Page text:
In addition to this, Fairy, Head & Shoulders and Tesco stores are partnering with Keep Britain Tidy, and inviting you to nominate your favourite beaches to be one of ten clean ups across the UK.
To vote for your local beach and for further information on the project, visit www.bigbeachclean.co.uk
Keep Britain Tidy Chief Executive, Allison Ogden-Newton, said: “We are delighted to be working with Fairy, Head & Shoulders and Tesco on this initiative. Keep Britain Tidy have been conducting clean-ups across the UK, both inland and on our coasts, since the 1950’s, and we’re happy to lend our expertise to help even more people clean up our coastline. It’s fantastic to see plastics being collected, recycled and reused to create these innovative new bottles. We know that 80% of ocean litter originates on land. What happens in our city streets, often ends up in our seas. So everyone can do their bit to prevent ocean litter by opting for recycled and recyclable plastics, ensuring that those plastics get recycled again and of course, limiting their reliance on single-use plastics where possible.”
Morrisons re-introduce brown paper bags
Supermarkets have been recently criticised after continuing to use small clear plastic bags for loose fruit and vegetables, contributing to the problem of single use plastic. Now, Morrisons have got rid of the plastic bags on the fruit and veg aisle and introduced brown paper bags instead.
According to Morrisons, this will prevent 150 million single us plastic bags from being used every year in the store.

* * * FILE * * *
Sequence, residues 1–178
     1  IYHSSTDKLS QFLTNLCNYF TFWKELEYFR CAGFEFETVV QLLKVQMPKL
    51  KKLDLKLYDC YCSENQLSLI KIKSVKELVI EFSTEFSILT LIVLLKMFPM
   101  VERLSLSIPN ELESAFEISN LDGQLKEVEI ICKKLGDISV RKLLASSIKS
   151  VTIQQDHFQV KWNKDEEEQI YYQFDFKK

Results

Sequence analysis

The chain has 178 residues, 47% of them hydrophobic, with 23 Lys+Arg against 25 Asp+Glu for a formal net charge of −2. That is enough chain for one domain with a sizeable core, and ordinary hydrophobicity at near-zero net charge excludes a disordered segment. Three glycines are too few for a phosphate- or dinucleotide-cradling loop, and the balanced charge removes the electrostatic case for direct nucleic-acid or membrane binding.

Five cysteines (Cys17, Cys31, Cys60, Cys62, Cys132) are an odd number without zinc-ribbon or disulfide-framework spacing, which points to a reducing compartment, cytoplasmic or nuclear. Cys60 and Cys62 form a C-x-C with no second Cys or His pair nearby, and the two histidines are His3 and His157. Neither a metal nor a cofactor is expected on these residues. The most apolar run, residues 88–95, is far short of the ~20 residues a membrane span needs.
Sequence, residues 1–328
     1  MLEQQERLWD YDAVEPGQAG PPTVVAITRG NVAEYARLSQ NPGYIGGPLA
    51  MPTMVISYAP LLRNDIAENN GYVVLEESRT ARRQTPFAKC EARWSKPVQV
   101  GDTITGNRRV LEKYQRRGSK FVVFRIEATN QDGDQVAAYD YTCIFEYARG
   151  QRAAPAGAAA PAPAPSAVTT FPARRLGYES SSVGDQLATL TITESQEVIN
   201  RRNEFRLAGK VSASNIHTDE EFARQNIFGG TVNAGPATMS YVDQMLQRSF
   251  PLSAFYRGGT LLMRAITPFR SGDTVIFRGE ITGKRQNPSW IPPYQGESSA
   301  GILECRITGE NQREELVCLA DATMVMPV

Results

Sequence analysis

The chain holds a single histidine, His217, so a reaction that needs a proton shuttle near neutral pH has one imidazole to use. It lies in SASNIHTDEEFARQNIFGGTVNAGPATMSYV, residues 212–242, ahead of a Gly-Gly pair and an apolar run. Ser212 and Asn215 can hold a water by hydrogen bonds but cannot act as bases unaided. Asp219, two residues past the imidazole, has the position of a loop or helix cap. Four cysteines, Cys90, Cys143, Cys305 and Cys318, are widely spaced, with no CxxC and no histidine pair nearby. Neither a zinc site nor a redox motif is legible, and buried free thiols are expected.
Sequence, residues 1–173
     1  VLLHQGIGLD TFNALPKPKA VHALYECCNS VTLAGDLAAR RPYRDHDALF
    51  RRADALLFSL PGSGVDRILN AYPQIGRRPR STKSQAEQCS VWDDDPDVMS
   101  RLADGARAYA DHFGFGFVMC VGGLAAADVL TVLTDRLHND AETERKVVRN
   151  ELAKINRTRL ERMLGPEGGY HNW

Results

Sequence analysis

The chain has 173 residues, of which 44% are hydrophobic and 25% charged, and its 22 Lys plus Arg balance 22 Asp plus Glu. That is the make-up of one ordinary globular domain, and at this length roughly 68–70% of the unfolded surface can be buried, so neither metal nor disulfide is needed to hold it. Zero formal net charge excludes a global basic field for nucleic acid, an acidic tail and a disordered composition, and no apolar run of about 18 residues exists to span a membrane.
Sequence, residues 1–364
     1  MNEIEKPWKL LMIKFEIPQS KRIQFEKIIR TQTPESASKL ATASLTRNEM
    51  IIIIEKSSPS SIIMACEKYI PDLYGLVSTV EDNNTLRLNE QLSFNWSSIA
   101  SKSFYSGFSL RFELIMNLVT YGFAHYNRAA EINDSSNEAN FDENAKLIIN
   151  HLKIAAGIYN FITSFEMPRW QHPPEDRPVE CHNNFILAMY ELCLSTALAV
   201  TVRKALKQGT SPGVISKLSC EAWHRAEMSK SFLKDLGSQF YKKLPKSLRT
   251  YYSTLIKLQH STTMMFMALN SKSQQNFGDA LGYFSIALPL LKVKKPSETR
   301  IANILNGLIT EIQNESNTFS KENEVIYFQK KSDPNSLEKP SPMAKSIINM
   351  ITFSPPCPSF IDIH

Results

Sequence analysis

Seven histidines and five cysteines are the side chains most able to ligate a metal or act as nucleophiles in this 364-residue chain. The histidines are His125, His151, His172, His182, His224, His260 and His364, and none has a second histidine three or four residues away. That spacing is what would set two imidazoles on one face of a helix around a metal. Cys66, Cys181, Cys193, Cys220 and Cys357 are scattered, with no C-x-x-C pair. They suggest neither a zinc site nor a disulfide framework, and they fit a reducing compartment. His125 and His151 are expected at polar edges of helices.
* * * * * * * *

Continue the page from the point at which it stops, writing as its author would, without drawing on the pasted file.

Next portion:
Customers will now be able to bring their own containers to store when purchasing food from the Morrisons butchers and fishmongers counters with the supermarket offering 100 loyalty card points as an incentive.
Morrisons hopes to have this in all 493 of its stores by the end of summer.
Marine Conservation Society urges people to get through July plastic-free
With plastic pollution now high on political, personal and news agendas, Marine Conservation Society (MCS ) is asking people to give up single-use plastics for the whole of July for its plastic challenge.
Simon Reeve, TV presenter and MCS Ocean Ambassador, says “Our planet is becoming poisoned by plastic. The vast amount in our oceans has become an environmental emergency as a direct result of our throwaway society. That’s why I’m supporting thousands of people living without single use plastic this July as part of the Marine Conservation Society’s Plastic Challenge. Don’t just get depressed about plastic - stop using it!”
The charity has run the Plastic Challenge for the last four years and last year over 5,035 registered to give up using single use plastic. That includes food packaged in plastic, plastic water bottles, plastic milk bottles, shower gels, toothpaste and pasta to name but a very few!
Sign up to take part in the Plastic Challenge at: www.mcsuk.org/plastic-challenge
"How To Live Plastic Free – a day in the life of a plastic detox" (Published by Headline UK, ISBN 978-1-4722-5981-3) is available to buy now. For details visit: www.mcsuk.org/news/MCS-Live-Plastic-Free-Book
New 'trust mark' introduced
The new supermarket packaging which is being introduced today will clearly mark to shoppers whether a product contains plastic packaging or not. The first UK supermarket to adopt the labelling system is Iceland, but campaigners hope that other supermarkets will follow.